“Vision is one of the technologies that really pushed Ethernet forward. The amount of data you can get from a vision system using Ethernet is amazing,” says Mark Sippel, principal product marketing manager for In-Sight Vision Sensors at Cognex Corp., Natick, Mass.
Adopting Ethernet had another key benefit for camera makers. “Going to Ethernet provides cameras with a smaller footprint than what we had when cameras used serial connections,” says Ron Sogueco, application engineer at DVT Corp., Duluth, Ga.
Over the past few years, there has been an emergence of a few competitive camera data transfer technologies such as Firewire/1394, CameraLink and even the personal computer industry’s Universal Serial Bus (USB) 2.0. They provide high bandwidth and ease of integration but don’t have the broad support of Ethernet.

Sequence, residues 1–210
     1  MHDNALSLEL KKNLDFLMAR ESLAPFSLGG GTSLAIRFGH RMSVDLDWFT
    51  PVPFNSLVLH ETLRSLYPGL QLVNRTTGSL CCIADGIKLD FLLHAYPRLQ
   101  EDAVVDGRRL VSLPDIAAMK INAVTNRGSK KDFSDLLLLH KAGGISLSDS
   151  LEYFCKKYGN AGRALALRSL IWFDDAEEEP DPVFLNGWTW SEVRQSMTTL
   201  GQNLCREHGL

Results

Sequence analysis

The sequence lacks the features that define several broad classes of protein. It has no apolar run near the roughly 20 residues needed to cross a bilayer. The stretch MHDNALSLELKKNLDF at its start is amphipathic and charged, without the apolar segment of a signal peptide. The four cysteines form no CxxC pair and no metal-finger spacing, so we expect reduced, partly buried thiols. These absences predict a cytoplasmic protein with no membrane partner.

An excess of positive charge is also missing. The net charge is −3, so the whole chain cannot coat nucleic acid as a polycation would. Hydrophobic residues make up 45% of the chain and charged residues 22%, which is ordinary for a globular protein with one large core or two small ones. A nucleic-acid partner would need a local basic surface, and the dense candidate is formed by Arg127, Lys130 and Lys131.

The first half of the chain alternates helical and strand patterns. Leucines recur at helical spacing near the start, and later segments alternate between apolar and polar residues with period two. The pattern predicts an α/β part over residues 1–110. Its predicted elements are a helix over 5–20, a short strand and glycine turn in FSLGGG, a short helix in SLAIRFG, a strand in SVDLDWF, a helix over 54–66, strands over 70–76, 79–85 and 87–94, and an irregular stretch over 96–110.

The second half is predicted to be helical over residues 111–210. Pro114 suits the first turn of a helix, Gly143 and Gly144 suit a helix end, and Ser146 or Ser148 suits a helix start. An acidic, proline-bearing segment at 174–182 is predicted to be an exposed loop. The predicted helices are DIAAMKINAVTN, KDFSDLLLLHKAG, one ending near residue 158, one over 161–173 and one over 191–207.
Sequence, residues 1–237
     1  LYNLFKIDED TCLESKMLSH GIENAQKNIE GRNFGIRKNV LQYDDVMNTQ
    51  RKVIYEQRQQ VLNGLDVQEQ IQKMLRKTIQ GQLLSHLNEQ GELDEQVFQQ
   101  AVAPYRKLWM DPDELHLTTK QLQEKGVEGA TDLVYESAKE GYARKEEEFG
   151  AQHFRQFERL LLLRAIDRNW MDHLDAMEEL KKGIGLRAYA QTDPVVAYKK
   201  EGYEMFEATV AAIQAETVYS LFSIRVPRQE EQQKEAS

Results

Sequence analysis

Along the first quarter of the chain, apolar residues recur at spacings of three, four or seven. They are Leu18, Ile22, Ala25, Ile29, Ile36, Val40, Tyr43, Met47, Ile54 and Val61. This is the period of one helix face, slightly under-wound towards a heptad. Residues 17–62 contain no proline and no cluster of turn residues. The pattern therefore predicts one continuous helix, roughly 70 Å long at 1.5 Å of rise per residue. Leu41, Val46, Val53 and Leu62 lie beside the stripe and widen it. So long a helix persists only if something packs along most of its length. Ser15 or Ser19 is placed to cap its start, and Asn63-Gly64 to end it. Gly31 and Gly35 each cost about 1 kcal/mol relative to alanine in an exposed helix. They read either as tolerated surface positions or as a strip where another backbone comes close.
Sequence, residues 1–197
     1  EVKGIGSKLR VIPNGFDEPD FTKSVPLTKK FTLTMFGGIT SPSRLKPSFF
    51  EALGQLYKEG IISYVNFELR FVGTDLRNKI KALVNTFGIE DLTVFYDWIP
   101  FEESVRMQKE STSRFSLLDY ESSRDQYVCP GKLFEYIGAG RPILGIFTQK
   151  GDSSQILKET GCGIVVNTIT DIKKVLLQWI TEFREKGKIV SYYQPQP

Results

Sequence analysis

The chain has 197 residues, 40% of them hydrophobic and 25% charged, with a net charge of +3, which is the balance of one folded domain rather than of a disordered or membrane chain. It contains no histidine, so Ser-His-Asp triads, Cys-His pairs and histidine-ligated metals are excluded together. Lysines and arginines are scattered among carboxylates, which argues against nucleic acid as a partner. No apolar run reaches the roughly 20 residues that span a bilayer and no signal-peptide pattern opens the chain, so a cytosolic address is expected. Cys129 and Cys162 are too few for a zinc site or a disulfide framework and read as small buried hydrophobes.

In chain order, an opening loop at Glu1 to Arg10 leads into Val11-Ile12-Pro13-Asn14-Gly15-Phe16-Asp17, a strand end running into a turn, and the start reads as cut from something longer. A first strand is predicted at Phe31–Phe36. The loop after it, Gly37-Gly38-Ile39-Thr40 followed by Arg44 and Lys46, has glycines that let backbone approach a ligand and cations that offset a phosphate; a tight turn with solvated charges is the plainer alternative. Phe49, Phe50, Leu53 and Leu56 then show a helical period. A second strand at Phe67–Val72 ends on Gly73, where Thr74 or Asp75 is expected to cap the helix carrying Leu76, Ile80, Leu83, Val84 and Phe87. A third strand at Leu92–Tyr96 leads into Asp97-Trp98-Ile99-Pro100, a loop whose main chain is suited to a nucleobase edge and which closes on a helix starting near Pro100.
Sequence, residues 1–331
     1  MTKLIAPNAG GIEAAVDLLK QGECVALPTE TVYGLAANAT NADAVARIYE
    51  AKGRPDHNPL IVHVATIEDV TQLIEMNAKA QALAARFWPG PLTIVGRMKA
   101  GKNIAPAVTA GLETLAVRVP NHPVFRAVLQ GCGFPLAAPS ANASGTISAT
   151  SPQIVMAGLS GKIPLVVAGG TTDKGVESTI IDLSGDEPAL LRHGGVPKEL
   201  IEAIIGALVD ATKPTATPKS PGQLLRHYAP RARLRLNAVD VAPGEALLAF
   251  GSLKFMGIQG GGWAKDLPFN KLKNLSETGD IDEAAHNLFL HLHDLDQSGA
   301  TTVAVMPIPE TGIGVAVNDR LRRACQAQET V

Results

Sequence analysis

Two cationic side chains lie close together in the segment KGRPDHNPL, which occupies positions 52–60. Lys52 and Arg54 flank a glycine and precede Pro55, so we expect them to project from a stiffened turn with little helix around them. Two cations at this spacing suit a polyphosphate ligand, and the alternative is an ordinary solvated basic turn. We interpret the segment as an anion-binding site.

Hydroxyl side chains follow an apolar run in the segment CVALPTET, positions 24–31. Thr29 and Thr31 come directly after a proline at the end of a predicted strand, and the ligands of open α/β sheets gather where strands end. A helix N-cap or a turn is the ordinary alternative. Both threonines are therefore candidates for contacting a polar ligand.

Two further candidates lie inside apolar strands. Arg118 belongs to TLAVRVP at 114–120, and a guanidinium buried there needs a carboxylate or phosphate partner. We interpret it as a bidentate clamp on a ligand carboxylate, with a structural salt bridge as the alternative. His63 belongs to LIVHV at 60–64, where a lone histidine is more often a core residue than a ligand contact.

Today’s microprocessors now have enough capability to process vision data directly from cameras, which eliminates the need for frame grabbers. Eliminating hardware also shifts the focus to the software, with improved algorithms bringing new benefits.
Another user benefit of Ethernet is setup and control. Operators in a single control room can monitor all the units on the network for both standard operations and diagnostics. “You can upgrade the software without going to each separate piece of equipment,” says Cognex’s Sippel.